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Paper 8 - 30 November 2001Meeting
ASSOCIATION OF HAMPSHIRE AND ISLE OF WIGHT LOCAL AUTHORITIES
30 November 2001
RESPONSE TO THE GOVERNMENT’S CONSULTATION ON THE PROPOSAL TO ESTABLISH A NEW HEALTH AUTHORITY FOR HAMPSHIRE AND THE ISLE OF WIGHT
Report by the Chief Executives’ Group
(1) That the proposal for Strategic Health Authority for Hampshire and the Isle of Wight be supported subject to the need to improve cross-border flexibilities particularly in the Blackwater Valley; and
(2) That the Chief Executives’ Group reports further on the
future relationship between the fifteen local authorities, the Strategic Health
Authority and the PCTs network.
1. The Hampshire and Isle of Wight Health Authorities gave a presentation on the proposed re-organisation at the last meeting of the Association. The re-organisation within our area is part of a national change which:
* makes Primary Care Trusts (PCTs) the "cornerstone of the NHS" locally, charged with working in partnership with local authorities. PCTs will take on many of the day to day functions of the existing health authorities;
* establishes a pattern of around 30 Strategic Health Authorities for England from April 2002.
* abolishes existing health authorities and NHS regional offices.
2. These national changes flow from the Government’s NHS Plan and are not the subject of consultation, but it is important to note that this Association has supported the development of Primary Care Trusts.
3. The current consultation relates simply to the boundaries of the new Strategic Health Authority (StHA). The options are:
* Option 1, the option preferred by the existing health authorities and by the Secretary of State, for a Hampshire and Isle of Wight StHA.
* Option 2, for a Hampshire, Isle of Wight and Surrey StHA.
4. These options do not affect the pattern of ten PCTs emerging across our area:
Isle of Wight
5. The Local Government Association has lobbied for coterminosity between StHAs and local authorities. The Association of Councils in the Thames Valley Region (Buckinghamshire, Berkshire and Oxfordshire) has lobbied for one StHA to cover their area. Border authorities such as Rushmoor particularly want to ensure that cross-border flexibilities are improved and not hindered by this re-organisation.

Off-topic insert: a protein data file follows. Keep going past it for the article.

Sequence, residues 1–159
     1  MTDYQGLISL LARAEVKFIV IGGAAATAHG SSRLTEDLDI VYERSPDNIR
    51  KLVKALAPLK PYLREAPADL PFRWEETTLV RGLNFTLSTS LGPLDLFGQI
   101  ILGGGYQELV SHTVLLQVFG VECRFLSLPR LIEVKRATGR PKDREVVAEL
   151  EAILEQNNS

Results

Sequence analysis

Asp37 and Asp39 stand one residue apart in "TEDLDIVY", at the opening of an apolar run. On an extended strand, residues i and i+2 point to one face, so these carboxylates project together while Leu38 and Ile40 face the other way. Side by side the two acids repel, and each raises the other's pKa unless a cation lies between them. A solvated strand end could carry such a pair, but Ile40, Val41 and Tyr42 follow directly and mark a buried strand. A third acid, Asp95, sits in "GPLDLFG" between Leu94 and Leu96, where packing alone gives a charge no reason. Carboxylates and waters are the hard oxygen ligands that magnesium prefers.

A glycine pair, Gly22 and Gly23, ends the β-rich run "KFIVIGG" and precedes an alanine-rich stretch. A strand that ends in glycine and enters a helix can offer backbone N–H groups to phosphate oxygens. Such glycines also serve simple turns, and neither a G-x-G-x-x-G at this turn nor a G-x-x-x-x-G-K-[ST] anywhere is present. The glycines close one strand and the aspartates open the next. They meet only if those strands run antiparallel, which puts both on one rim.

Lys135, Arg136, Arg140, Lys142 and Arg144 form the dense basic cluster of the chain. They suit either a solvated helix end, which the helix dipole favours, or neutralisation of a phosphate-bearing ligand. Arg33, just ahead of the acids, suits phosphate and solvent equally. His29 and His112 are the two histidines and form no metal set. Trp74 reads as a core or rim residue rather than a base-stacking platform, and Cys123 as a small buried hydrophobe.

6. The Surrey Local Government Association opposes a joint Hampshire/Surrey StHA and there is support for the preferred option throughout Hampshire. The Isle of Wight supports the increased autonomy created by the establishment of a PCT for the Island.
7. A formal response in favour of the preferred option is therefore recommended. The debate now needs to move on so that the new NHS structures work with the local authorities successfully in all areas including public health, health promotion, health and social care, environmental management etc. In addition there is the proposal to extend the local authority scrutiny role to cover the NHS, which will be the subject of further consultation.
8. Working with the PCTs as the "cornerstone" will be critical, but for some functions co-operation between the PCTs will be very important. The fact that the Hampshire/Isle of Wight PCTs have established a PCT network is therefore to be welcomed.
9. A number of authorities are currently briefing Members on the implications of all these changes. In view of the priority accorded to Health in the Association’s action plan, it is recommended that a further report be produced based on the various briefings now being arranged.
Joint Health Leads
Date: 22 October 2001
Contact: Nick Goulder - 023 8068 8431, E-mail email@example.com
|Author:||Nick Goulder, Policy Manager|
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